One former staff member, Susma Mahato, who just recently vacated the position of facility and volunteer coordinator, found that her presence at the Can-Do Kitchen set members at ease.
Mahato is from Nepal, and came to Kalamazoo to obtain her bachelors and masters from Western Michigan University.
“Members have expressed that they feel comfortable just by seeing me working here trying to help them,” Mahato said. “It feels really good to see a person of color.”
Creating a diverse and inclusive space does a lot to increase comfortability for members. That’s why Can-Do Kitchen created a diverse mentor network to provide connections and insight to new members. During group tours, which is often the first time new members are in communication with the organization outside of phone calls, Can-Do has the mentor network there.
Comfort also comes from meeting people where they’re at. Email is the most comfortable form of communication for Foster, but she knows that might not be the case for her members. She is willing to step outside her comfort zone to reach people.
Though Can-Do kitchen wants their members to be comfortable walking through the door, Dilley acknowledges that there are times when they can’t and shouldn’t be comfortable.
“The white people we support are going to be uncomfortable at times in conversations we have surrounding race,” Dilley said. “We don’t want people to be unchallenged.”
Can-Do Kitchen is happy to say it’s continuing to head in the right direction regarding diversity, equity and inclusion. Over the last 10 years, equity work had become essential to this non-profit’s work, however it didn’t start off that way, Dilley says. She remembers people talking about anti-racism back when she first founded Can-Do Kitchen in 2008, however she wasn’t yet participating in the work.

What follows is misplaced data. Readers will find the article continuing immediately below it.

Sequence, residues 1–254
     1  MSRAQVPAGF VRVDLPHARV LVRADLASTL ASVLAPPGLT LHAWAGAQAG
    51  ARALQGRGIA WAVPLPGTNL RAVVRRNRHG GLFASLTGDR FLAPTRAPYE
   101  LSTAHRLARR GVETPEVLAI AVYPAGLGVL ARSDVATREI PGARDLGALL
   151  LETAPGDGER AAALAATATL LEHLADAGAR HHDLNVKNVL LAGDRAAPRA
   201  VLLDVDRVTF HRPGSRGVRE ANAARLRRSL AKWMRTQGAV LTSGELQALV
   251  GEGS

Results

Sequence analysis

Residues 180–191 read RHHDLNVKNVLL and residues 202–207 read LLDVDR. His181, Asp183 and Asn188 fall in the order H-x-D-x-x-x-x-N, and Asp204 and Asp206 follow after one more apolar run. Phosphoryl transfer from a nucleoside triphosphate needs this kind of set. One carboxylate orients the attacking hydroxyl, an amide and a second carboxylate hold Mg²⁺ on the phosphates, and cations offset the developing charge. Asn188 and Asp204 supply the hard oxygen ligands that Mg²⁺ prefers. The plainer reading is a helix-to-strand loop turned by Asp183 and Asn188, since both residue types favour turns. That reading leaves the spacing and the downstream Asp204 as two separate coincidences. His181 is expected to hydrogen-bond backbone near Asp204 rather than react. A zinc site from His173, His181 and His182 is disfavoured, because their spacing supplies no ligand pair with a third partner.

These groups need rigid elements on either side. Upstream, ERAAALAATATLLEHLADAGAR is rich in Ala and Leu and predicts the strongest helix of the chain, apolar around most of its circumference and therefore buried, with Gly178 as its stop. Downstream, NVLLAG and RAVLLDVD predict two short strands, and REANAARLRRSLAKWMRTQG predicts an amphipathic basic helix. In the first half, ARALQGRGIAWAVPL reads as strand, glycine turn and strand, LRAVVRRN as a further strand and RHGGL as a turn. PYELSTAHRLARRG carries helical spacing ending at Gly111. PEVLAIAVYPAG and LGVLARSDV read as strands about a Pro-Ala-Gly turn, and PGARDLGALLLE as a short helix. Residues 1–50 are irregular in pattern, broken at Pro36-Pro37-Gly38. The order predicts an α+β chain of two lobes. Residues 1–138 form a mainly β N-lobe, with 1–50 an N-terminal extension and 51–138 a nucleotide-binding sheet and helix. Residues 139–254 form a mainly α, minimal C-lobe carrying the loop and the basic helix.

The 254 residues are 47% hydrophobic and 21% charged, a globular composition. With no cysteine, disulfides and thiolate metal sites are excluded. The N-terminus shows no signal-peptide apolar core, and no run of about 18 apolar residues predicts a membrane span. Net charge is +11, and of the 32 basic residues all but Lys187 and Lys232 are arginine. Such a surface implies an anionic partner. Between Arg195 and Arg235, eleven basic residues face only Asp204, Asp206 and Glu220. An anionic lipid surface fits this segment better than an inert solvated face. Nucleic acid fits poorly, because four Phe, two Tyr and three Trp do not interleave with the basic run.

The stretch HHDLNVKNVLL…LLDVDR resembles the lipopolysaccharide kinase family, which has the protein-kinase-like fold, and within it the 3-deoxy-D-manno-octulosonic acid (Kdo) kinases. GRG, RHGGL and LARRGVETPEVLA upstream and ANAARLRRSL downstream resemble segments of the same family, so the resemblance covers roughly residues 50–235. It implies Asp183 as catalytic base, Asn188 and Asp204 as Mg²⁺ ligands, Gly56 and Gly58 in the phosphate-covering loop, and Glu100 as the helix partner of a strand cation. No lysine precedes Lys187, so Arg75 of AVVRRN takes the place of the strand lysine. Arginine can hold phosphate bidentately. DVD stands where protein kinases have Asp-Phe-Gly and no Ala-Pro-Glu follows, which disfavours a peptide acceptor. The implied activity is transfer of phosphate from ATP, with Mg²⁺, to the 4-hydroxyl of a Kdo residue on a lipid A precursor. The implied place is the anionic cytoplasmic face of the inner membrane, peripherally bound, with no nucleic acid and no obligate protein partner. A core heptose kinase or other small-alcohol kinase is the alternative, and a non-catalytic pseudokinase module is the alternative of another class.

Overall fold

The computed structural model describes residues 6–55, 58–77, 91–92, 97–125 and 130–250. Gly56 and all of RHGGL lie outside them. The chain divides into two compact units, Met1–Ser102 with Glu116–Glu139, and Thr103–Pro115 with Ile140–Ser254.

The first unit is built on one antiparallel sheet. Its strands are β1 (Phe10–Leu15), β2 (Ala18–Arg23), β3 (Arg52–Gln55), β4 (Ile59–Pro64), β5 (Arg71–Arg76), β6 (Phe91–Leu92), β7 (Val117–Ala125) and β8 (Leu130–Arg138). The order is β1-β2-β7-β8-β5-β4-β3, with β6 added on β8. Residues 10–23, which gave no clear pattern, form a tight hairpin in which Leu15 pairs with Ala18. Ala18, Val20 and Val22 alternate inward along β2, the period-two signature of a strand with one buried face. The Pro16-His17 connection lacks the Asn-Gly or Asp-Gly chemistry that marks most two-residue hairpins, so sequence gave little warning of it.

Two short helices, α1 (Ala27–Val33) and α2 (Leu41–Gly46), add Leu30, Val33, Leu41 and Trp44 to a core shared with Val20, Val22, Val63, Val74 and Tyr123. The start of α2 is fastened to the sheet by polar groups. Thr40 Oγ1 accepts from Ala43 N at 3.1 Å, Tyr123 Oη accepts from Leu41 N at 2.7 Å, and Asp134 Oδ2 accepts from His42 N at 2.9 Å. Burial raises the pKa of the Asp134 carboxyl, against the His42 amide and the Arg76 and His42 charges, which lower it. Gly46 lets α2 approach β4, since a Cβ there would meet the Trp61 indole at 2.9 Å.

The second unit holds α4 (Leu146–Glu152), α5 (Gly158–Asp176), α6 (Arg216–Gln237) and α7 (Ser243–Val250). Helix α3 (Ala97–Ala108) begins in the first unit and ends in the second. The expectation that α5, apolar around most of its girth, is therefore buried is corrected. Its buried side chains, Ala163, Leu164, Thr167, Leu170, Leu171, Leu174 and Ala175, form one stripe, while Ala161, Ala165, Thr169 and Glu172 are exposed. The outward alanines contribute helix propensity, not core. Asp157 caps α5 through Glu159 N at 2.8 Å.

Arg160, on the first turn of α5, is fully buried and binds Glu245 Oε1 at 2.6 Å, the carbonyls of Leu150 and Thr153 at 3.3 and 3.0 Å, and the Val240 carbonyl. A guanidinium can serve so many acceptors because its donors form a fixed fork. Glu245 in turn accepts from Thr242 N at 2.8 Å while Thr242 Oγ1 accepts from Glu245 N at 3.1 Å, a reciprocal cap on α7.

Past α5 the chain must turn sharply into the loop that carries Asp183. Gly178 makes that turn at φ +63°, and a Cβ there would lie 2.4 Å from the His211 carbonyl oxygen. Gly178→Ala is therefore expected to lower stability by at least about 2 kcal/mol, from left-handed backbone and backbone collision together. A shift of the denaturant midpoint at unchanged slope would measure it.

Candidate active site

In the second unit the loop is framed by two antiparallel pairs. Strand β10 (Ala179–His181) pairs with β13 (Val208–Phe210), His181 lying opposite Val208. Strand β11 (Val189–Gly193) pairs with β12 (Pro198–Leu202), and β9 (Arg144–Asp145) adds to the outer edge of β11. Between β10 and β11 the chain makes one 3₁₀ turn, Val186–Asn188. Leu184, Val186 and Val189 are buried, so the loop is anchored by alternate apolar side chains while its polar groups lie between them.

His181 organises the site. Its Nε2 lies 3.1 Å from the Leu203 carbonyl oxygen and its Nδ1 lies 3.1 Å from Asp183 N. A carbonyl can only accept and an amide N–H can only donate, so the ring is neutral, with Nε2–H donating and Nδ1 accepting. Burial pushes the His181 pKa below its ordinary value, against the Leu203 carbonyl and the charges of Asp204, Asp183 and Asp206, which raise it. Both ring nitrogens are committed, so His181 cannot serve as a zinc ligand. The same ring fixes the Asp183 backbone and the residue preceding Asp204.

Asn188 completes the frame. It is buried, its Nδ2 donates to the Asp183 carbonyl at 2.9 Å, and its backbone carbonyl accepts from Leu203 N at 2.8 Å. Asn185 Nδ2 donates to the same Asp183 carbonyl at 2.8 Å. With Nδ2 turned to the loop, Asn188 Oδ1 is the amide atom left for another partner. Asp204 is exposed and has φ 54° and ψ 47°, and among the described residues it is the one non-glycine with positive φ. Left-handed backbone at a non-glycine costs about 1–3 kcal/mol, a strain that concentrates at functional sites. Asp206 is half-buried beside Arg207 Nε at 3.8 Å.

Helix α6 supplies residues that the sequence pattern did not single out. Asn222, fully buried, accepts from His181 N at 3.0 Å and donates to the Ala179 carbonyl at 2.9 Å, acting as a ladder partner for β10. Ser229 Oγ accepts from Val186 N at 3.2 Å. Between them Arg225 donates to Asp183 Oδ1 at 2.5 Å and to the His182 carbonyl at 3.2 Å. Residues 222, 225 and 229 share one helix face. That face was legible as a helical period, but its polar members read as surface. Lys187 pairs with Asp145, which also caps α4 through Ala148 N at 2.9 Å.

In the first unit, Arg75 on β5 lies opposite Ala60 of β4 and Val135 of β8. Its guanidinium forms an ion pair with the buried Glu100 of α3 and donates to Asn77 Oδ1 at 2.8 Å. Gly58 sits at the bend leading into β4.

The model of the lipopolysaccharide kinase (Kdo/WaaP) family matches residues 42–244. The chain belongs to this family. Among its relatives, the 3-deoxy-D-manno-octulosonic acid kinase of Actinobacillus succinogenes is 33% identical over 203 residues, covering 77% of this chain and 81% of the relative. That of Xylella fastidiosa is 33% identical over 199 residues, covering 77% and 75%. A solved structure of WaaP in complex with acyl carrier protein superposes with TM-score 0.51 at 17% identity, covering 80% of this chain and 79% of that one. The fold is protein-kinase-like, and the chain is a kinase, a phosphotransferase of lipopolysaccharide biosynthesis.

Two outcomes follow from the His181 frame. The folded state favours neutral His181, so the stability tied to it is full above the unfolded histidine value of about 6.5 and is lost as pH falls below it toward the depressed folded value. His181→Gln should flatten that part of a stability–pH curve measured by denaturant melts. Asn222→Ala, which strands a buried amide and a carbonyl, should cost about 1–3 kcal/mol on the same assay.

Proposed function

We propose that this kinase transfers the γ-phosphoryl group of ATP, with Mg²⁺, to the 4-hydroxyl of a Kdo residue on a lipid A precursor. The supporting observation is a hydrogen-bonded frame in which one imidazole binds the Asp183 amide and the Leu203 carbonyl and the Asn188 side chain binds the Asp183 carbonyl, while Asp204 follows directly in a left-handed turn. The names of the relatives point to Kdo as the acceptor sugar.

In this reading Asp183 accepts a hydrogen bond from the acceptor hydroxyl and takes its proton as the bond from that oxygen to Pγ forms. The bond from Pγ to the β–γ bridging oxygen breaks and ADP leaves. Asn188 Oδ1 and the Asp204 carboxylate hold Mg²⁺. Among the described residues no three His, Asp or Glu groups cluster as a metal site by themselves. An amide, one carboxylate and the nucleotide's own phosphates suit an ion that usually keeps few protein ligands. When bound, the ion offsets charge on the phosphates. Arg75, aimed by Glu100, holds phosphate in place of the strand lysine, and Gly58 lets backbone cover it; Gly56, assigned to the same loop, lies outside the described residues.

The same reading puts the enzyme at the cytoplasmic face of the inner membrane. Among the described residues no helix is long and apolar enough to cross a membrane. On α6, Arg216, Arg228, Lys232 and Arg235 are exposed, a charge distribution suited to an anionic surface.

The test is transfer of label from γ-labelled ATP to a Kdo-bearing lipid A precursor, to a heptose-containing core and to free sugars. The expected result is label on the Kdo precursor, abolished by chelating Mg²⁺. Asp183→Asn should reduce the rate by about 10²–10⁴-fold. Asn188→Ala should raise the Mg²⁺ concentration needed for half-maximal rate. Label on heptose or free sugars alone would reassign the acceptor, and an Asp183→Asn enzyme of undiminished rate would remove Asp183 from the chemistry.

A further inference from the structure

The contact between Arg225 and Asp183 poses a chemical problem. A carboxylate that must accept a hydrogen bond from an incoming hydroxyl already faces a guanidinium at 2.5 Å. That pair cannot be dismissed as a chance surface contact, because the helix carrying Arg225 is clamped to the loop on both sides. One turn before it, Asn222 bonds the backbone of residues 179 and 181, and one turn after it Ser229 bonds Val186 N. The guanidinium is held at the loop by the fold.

“Later, we all started to realize what was really going on in terms of all the systems that were holding people down,” Dilley said. “We realized that the Can-Do kitchen needed to be an organization that was working against these systems.”
When most organizations and businesses were coming out with messages of support to the Black Lives Matter movement, Can-Do Kitchen wanted to make sure they were communicating and acting authentically. This past year, they began working with a racial equity consultant to keep driving towards their mission.
Can-Do Kitchen is looking to move into a bigger facility by the end of the year, providing more space and more opportunities for the communities it serves.